The Information in Naked Short Sales

45 Pages Posted: 2 Jul 2013 Last revised: 27 Apr 2017

See all articles by Harrison Liu

Harrison Liu

University of Texas at San Antonio - Department of Accounting

Sean T. McGuire

Texas A&M University - Department of Accounting

Edward P. Swanson

Texas A&M University - Mays Business School; Mays Business School, Texas A&M University

Date Written: April 26, 2017

Abstract

Concern over abusive short selling caused the SEC to pass a rule during the 2008 financial crisis that requires an immediate forced close-out of any equity short sale in which the short seller fails to deliver shares (FTDs) on the settlement date (“naked short sales”). While this rule dramatically reduced FTDs, it likely reduced covered short selling. We investigate whether those FTDs were information-based. We find FTD open interest 1) is consistent with valuation-relevant, financial-statement fundamentals and 2) contains unpriced information about future returns that is incremental to covered short interest. An explanation for incremental information with theoretical support is that the proportion of informed traders increases as short selling becomes more constrained. Consistent with that theory, detailed security lending data show that FTDs proxy for constrained short selling. Our results have implications for researchers and regulators in the U.S. and in several countries currently considering regulations to reduce FTDs.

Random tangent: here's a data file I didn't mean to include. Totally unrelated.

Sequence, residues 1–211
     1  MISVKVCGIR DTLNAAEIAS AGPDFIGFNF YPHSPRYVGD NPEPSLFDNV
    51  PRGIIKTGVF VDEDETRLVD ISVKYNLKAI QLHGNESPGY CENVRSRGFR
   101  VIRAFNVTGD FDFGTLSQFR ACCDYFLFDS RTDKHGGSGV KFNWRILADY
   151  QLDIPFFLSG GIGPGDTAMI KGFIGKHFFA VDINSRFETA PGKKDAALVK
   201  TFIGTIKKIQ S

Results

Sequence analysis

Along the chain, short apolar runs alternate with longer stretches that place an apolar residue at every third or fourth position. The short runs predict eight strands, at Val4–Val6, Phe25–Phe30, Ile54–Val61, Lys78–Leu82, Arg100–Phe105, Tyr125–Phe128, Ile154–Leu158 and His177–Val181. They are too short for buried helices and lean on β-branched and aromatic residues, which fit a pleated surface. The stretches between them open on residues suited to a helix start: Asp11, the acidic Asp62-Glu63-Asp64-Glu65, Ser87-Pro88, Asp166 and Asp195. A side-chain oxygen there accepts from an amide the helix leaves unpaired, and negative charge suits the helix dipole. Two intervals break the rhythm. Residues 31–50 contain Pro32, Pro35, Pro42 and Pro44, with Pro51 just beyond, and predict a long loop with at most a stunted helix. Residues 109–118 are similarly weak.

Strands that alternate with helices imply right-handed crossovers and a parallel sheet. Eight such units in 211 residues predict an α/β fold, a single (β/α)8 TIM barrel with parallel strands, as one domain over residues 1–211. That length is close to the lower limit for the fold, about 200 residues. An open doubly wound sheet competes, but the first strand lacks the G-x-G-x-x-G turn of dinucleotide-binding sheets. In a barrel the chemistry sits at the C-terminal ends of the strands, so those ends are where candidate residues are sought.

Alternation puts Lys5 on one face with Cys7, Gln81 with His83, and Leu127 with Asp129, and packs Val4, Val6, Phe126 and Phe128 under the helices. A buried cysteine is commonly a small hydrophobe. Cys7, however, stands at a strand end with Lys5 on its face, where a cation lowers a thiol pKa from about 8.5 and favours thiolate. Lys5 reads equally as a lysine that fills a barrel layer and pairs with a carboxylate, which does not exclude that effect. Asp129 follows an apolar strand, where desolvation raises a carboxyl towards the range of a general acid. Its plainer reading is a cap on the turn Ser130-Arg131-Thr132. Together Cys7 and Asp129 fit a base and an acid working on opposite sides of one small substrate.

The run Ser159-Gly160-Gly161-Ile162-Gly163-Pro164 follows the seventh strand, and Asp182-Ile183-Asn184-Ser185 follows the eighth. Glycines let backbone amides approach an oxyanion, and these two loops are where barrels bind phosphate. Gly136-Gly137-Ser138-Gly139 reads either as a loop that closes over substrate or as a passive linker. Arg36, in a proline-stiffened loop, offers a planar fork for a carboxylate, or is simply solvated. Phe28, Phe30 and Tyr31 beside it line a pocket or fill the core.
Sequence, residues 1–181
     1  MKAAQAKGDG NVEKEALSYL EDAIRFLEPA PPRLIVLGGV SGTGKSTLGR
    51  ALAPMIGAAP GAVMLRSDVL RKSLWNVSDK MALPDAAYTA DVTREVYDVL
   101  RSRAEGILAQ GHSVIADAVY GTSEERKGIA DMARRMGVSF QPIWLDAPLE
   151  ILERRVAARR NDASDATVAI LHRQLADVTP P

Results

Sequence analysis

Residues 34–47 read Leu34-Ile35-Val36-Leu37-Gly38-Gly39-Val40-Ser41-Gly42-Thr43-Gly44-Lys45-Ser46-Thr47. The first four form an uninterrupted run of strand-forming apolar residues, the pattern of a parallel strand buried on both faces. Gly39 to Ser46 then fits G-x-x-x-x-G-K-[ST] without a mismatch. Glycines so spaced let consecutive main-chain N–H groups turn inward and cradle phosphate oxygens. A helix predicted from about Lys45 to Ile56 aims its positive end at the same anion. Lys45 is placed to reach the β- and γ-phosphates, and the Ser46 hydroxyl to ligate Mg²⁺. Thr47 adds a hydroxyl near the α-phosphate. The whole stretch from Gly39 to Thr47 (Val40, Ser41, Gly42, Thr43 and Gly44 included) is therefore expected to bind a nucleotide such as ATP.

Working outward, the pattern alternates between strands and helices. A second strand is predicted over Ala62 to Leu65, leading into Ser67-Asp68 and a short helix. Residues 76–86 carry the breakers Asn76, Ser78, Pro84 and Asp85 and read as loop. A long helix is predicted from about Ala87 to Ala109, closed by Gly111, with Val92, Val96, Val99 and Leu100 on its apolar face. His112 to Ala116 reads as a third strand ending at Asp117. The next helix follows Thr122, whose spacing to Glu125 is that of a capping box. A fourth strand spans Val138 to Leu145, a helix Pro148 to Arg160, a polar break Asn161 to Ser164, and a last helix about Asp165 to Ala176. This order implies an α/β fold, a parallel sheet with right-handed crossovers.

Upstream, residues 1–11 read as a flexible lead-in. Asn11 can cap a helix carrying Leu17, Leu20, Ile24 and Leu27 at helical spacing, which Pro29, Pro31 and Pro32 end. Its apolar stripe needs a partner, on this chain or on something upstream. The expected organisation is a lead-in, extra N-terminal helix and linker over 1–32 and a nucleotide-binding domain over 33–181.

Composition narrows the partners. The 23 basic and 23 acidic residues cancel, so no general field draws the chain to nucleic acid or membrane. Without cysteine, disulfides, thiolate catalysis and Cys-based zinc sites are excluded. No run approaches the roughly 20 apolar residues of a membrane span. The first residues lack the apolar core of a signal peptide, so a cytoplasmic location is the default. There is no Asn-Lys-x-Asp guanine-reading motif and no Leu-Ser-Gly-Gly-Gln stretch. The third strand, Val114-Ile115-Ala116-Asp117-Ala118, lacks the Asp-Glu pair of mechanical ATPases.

Keywords: short selling, accounting fundamentals, arbitrage, trading strategies

Suggested Citation

Liu, Harrison and McGuire, Sean T. and Swanson, Edward P., The Information in Naked Short Sales (April 26, 2017). Available at SSRN: https://ssrn.com/abstract=2288187 or http://dx.doi.org/10.2139/ssrn.2288187

Harrison Liu

University of Texas at San Antonio - Department of Accounting ( email )

One UTSA Circle
San Antonio, TX 78249
United States

Sean T. McGuire

Texas A&M University - Department of Accounting ( email )

430 Wehner
College Station, TX 77843-4353
United States

Edward P. Swanson (Contact Author)

Texas A&M University - Mays Business School ( email )

430 Wehner
College Station, TX 77843-4353
United States
979-845-8970 (Phone)
979-845-0028 (Fax)

Mays Business School, Texas A&M University ( email )

Wehner, MS 4353
College Station, TX 77843-4353
United States
979-845-5014 (Phone)
979-845-0028 (Fax)

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